Helen Taylor Thompson was instrumental in a number of charitable and social causes throughout her life, starting with her election to the board of London's Mildmay Hospital in 1952.
She later fought against its closure and became its chair when it reopened in 1988 as the first hospice in Europe for people living with Aids.
In 1995, Thompson’s organisation of The Great Banquet, when 33,000 people in London sat down together for a meal with others from all backgrounds, led to the launch of CAN, which today provides services including office space for charities and social finance.
She continued her work with the foundation of Education Saves Lives in 2000, which was a response to the growing numbers of people being diagnosed with HIV in Africa and Asia, providing DVDs with important information and education about serious illnesses.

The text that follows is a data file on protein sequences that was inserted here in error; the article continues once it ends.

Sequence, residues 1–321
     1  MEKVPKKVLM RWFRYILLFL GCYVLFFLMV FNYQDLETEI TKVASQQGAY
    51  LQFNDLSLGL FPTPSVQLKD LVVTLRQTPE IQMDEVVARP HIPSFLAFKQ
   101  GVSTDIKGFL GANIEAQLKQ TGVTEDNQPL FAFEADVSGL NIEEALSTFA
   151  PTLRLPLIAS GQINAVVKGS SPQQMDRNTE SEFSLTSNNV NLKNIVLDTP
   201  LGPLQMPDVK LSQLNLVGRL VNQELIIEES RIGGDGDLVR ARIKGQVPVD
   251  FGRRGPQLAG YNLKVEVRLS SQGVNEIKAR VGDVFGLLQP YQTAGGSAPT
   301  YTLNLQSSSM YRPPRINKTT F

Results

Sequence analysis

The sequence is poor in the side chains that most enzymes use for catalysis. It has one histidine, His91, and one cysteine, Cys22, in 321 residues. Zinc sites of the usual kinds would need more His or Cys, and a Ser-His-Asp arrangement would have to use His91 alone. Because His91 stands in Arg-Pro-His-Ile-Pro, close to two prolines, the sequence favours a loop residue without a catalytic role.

She was awarded an MBE in 1990, and OBE in 2005, in recognition of her far-reaching charity work.
The BBC also included her in its '100 Women' list of inspiring and influential women from around the world in 2018.
Clive Dove-Dixon, chief executive of CAN, said: “Helen's legacy will live on, not just through her founding of CAN and Education Saves Lives, but also through the many other charitable endeavours she was responsible for over her long career.
“We are incredibly grateful not only to Helen, but also for her.
“She will be very sadly missed by all who knew her, but we take some comfort in knowing that her legacy will live on for years to come.”
Thompson requested that any donations in her memory be sent to Education Saves Lives, which was her passion in her later years.